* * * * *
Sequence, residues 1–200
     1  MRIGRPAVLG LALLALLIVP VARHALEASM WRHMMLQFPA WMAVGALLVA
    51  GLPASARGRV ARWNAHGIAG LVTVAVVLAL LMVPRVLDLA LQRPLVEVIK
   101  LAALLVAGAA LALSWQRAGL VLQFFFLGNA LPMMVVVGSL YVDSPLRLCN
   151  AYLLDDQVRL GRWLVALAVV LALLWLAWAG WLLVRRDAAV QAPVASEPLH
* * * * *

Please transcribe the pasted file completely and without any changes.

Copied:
Sequence, residues 1–200
     1  MRIGRPAVLG LALLALLIVP VARHALEASM WRHMMLQFPA WMAVGALLVA
    51  GLPASARGRV ARWNAHGIAG LVTVAVVLAL LMVPRVLDLA LQRPLVEVIK
   101  LAALLVAGAA LALSWQRAGL VLQFFFLGNA LPMMVVVGSL YVDSPLRLCN
   151  AYLLDDQVRL GRWLVALAVV LALLWLAWAG WLLVRRDAAV QAPVASEPLH